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Payback time


DEWAN RAI


SAM KANG LI
Soldiers in the PLA cantonments are surviving on Rs 60 per day while the Finance Ministry continues to hold back their wages, unpaid for the past one year because of claimed Maoist violations of the peace agreement.

Under the 23-point accord negotiated by the seven-party alliance and the Maoists, the PLA troops were supposed to receive a monthly salary of Rs 3,000 to remain in the cantonments. This was paid for the first seven months but stopped in July last year, according to Avanindra Kumar Shrestha in the Office of the Central Coordinator for Cantonment Management.

Finance Minister Ram Sharan Mahat blamed the delay on the Maoists' not keeping their end of the bargain, including not furnishing proper accounts and failure to return property they confiscated during the war. Part of the agreement stated that the payment of PLA salaries and the return of seized assets would progress simultaneously.

"The accord must be implemented in a package," said Mahat. "If they do not return the property, the ministry will not release the funds."

The total amount of unpaid salaries for the nearly 19,000 qualified PLA soldiers now totals more than Rs 500 million.

The government disbursed Rs 1,771,903,400 through Peace Fund and Ministry of Peace and Reconstruction for cantonment management. An additional Rs 933,138,729 was given for infrastructure, medical expenses and energy through the concerned ministries.

Government records show a total of Rs 525,858,000 was disbursed for six months of salaries for qualified PLA soldiers and disqualified combatants at different dates till April 2007. A consolidated sum of Rs 553,623,200, which includes a monthly salary for the PLA was handed over to Communication Minister Krishna Bahadur Mahara in July last year.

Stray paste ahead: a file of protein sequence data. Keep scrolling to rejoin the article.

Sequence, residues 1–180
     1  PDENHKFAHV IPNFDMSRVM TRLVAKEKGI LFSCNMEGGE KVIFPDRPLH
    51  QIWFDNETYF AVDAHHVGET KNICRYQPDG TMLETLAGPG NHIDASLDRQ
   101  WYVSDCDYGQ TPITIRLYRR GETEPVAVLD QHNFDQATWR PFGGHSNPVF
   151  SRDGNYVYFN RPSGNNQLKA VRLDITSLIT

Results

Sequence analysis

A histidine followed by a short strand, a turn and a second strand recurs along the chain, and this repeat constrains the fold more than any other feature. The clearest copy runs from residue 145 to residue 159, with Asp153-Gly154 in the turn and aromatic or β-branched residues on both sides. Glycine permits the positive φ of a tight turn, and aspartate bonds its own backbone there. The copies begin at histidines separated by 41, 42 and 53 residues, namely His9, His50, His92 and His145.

The committee has released Rs 692,422,200 for rations of the PLA soldiers at a monthly basis from April 2007 to July 2008. The ministry transfers this money to the local Cantonment Management Office at the concerned districts and the local office hands it over to the PLA commanders. These commanders provide the ministry with the salary receipts to make sure the money is actually received by the individuals of the cantonments.

So for the past one year the soldiers have been sharing out funds intended for 'cantonment management' to obtain basic necessities like food and water, Shrestha said.

Although many ex-guerrillas are finding it hard to make ends meet, the PLA has made little noise about the unpaid salaries, causing suspicion in some quarters that the money meant for the combatants had gone straight into the party coffers for use in electioneering.

"There is a surprising hush-hush even among the Maoists about the unpaid amounts. It is as if they don't want this investigated because it would uncover past money being diverted to election campaigning," one Finance Ministry source told Nepali Times.

The guerrillas say they haven't complained because they trust their leadership to resolve the problem. "The party has our interest at heart and is fighting for us," said one.

"Of course we care," said Maoist leader Dinanath Sharma. "Their problem is also our problem." He said that the salaries that were paid were the result of constant pressure from his party.

But the new government is nowhere in sight, everything else is in limbo. Even after UNMIN's term expires on 22 July, however, a smaller team of arms monitors is expected to stay behind in the cantonments.

Reporting also by Sheere Ng in Chitwan



LATEST ISSUE
638
(11 JAN 2013 - 17 JAN 2013)


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